feral hogs | St. Louis Public Radio

feral hogs

A taxidermied feral hog was on display at an open house in Rolla to get comment about hunting them in the Mark Twain National Forest.
Jonathan Ahl | St. Louis Public Radio

Feral hogs are causing major damage to the Mark Twain National Forest.

The animals dig up grasslands and crops, they eat eggs and baby wildlife, and scratching an itch on their backs can literally strip the bark off a tree.

Hunters want a chance to help out with this menace that can weigh over 200 pounds and produce 40 to 50 offspring a year. But the National Forest Service is considering outlawing feral hog hunts on public land in the Mark Twain.

An invasive species in Missouri is causing damage to the landscape, threatening native species and spreading disease.  The Missouri Department of Conservation, on its website, calls feral hogs “a menace that must be destroyed.”

Last year, MDC eliminated more than 9300 feral hogs in the state.  The goal is to completely eradicate them in Missouri.

Missouri Department of Conservation

No one knows exactly how many feral hogs are in Missouri.

But the Missouri Department of Conservation has eliminated 7,300 so far this year.

The pigs aren’t a native Missouri wildlife species. They’re descendants of domesticated pigs that either escaped or were set free to be hunted.

“For over 20 years, unregulated hunting of feral hogs was allowed in Missouri, during which time our feral-hog population expanded from a few counties to over 30 counties,” said Mark McLain, who leads the department’s feral-hog strike team tasked with trapping and killing the animals.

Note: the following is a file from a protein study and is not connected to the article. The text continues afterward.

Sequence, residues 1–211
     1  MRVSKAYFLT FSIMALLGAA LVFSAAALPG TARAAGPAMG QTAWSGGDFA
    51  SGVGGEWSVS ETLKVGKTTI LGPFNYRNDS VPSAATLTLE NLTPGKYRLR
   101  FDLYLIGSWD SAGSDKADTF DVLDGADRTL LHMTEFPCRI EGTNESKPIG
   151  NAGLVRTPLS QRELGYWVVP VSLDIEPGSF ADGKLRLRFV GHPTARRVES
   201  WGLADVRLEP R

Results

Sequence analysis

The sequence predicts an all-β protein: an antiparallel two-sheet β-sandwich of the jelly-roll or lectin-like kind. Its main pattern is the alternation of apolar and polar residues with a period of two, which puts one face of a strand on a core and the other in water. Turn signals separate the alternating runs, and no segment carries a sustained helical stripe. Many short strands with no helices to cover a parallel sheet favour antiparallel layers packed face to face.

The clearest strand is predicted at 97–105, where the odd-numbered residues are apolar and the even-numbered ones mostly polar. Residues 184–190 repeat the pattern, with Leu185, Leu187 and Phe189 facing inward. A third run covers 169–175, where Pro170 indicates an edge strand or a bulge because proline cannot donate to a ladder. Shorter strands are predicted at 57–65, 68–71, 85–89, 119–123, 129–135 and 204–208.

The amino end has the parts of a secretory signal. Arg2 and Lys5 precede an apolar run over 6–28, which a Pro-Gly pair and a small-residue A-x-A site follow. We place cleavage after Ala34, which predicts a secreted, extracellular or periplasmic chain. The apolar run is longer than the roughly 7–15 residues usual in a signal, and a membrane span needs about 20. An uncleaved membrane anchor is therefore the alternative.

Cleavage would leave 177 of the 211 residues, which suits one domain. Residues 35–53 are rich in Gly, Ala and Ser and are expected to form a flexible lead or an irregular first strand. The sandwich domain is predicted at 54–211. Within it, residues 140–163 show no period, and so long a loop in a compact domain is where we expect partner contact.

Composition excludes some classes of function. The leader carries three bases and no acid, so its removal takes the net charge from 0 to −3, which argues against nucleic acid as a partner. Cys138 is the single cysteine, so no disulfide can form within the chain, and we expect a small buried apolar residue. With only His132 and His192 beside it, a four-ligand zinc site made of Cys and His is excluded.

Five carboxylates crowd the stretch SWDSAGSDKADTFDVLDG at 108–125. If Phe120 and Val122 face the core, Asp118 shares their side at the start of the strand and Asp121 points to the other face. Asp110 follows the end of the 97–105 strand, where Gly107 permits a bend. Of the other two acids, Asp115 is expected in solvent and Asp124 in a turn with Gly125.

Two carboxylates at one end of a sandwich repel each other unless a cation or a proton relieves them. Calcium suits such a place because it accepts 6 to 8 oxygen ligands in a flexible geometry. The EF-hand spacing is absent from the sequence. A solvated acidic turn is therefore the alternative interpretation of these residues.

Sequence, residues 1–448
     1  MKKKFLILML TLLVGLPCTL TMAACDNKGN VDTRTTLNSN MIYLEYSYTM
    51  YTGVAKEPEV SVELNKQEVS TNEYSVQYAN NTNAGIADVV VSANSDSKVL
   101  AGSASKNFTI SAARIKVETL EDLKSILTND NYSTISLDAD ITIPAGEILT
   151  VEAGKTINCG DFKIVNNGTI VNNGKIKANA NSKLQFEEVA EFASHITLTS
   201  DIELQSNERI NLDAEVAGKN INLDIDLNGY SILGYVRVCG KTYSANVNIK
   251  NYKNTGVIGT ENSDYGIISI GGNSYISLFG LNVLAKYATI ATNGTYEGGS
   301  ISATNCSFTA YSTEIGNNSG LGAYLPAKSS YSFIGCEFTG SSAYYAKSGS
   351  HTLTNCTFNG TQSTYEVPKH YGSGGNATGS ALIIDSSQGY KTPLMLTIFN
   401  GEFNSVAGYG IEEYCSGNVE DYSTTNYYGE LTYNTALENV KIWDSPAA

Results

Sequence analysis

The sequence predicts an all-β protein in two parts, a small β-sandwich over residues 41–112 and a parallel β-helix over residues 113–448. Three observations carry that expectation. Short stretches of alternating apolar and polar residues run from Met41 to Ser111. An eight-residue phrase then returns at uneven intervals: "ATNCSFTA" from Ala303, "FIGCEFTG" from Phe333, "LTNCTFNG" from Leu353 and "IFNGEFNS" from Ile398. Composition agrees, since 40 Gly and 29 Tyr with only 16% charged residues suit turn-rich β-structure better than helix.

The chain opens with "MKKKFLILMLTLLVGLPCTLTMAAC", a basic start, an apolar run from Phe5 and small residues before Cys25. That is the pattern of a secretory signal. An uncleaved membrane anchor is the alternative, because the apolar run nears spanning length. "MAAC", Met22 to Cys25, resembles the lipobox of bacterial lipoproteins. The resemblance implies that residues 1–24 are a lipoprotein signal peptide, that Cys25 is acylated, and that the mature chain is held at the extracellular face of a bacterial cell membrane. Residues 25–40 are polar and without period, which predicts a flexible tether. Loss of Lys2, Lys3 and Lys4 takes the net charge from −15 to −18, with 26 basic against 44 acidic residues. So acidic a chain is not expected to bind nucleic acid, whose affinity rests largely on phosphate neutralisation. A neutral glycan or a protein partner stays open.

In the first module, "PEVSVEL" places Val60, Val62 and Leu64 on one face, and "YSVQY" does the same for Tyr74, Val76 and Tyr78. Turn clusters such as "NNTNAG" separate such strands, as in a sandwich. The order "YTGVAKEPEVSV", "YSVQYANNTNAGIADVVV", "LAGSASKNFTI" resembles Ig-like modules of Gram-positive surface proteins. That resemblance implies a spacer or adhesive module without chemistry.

Missouri Department of Conservation official Mark McLain shows how the BoarBuster, a feral hog trap, can be deployed with his phone.
Eli Chen | St. Louis Public Radio

The invasive feral hog roams in more than 30 counties in Missouri, decimating farmland and wildlife areas in its path.

This summer, state officials banned feral hog hunting on public lands in their latest effort to eradicate the pest from Missouri. They’re also beginning to use new technology to trap the animals.

Provided by Missouri Department of Conservation

Centuries ago, European settlers brought hogs to North America. But little did they know that the wild descendants of those animals would become a major pest. Considered an invasive species, the feral hogs are known to ruin natural areas, spread diseases and cause enormous property damage for local farmers.